Legal Topics Litigation Strategy New Lawyers Settlement Negotiation

7 Tips for Improving Any Negotiation

negotiate_83017290The following is a guest blog post by Helen Leah Conroy of Piedmont Law Partners. Ms. Conroy negotiates and drafts complex agreements for companies that provide internet-based services. She specializes in in-bound and out-bound service agreements, with extensive expertise in global outsourcing deals.

Most people, including many lawyers, simply don’t like to negotiate. This often results in hurrying through negotiations just to escape the pressure, at the expense of the best possible outcome. It doesn’t have to be this way. The next time you’re involved in a negotiation, review and keep in mind these seven tips and you’ll be much more effective and may even enjoy the process!

  1. Start by viewing your negotiation as an opportunity, not a confrontation. The most successful players in any field are the ones who see problems as opportunities. They do it by asking questions and listening carefully. Effective negotiating is no different. As you prepare, explore with your client all the potential benefits that closing the deal will bring to both parties. Understanding each side’s concerns and overall objectives will make it easier to find solutions to unresolved points.
  2. Think in advance about possible sticking points and how to respond. Privately or with a team member, talk through—even speaking aloud and developing a script for—the points you anticipate being the most difficult in the negotiation. This will boost your confidence, which in turn will make you more effective.
  3. Learn how to answer questions with questions, especially on difficult points. For example, “What is your concern there?” or “Can you help us understand what you’re worried about?” or, once you know the other side’s concerns, “Can you work with us to find some middle ground?”
  4. Find better ways to say, “No.” For example, “I doubt we can make that work,” or, for an atypical request, “Why should we agree to that?” A longer version of the latter might be, “None of our other vendors (or customers) ask for this; help us understand, why it is reasonable here?”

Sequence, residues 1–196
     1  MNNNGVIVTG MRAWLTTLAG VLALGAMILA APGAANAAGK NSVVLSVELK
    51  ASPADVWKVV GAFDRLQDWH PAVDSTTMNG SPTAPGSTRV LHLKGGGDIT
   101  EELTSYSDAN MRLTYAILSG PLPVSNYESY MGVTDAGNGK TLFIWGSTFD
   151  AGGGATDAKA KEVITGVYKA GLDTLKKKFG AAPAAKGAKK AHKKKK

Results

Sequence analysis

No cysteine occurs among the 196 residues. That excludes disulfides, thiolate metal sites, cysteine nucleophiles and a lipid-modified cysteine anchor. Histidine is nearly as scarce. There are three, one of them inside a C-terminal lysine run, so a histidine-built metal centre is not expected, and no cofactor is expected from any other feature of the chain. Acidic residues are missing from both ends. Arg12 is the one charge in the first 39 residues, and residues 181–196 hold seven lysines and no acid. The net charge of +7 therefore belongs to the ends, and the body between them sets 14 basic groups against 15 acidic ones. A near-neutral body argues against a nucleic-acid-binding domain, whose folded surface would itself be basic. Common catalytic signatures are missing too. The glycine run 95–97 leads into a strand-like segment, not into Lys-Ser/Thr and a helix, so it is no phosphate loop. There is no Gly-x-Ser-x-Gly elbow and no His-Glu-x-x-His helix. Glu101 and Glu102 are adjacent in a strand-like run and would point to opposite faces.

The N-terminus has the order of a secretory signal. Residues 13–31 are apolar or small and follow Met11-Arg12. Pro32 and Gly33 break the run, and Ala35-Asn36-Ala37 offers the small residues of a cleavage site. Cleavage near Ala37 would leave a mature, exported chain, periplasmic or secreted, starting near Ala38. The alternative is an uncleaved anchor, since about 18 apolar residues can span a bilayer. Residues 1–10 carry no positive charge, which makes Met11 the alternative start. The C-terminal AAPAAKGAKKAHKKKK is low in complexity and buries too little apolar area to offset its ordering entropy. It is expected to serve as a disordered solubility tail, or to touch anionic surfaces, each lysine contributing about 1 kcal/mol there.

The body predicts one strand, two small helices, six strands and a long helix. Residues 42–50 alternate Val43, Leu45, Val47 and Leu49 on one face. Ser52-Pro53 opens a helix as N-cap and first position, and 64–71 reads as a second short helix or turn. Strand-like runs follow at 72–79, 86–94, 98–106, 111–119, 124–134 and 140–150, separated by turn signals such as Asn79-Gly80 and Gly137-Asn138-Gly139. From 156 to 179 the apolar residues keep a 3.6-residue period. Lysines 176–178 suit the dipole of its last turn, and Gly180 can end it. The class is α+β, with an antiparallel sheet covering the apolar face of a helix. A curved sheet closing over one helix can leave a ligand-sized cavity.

5. Don’t allow yourself to be backed into a corner. If the other side is negotiating “hard” by demanding an immediate response, simply say that you must take the point back to your team and that you’ll be in touch within a day or so.
  6. Always ask for exactly what you want. This is no time to fear rejection or confrontation—the worst that can happen is that the other side will say, “No.”  You may be surprised with a simple “Yes, we can do that.”
  7. Don’t allow silence to make you uncomfortable. Once you’ve made your point, stop talking. If you keep repeating yourself and rambling on, you’ll not only communicate your lack of confidence in your position but you’ll inevitably start giving in, to your disadvantage. If you find silence awkward, make your point once and then say, “What do you think?” or “We’re interested in hearing your thoughts on that.” Then stop talking.

And when you’re planning for and conducting contract negotiations, also make sure that:

  • All risks have been considered and addressed;
  • The expectations of all involved are consistent and fully expressed;
  • The deal is seen as reasonable, under the circumstances, by all parties; and
  • The documents clearly state the parties’ intent, while addressing all contingencies.

Apply these tips and you will have served your client well not just in protecting his or her interests, but also in helping your client create enduring and satisfying business relationships.

For more strategies and advice for effective negotiations, check out CEB’s California Civil Procedure Before Trial, chap 46. And learn more about negotiation planning in CEB’s CLE program Overcoming Settlement Impasse, available On Demand.

Other CEBblog™ posts you may find useful:

© The Regents of the University of California, 2015. Unauthorized use and/or duplication of this material without express and written permission from this blog’s author and/or owner is strictly prohibited.

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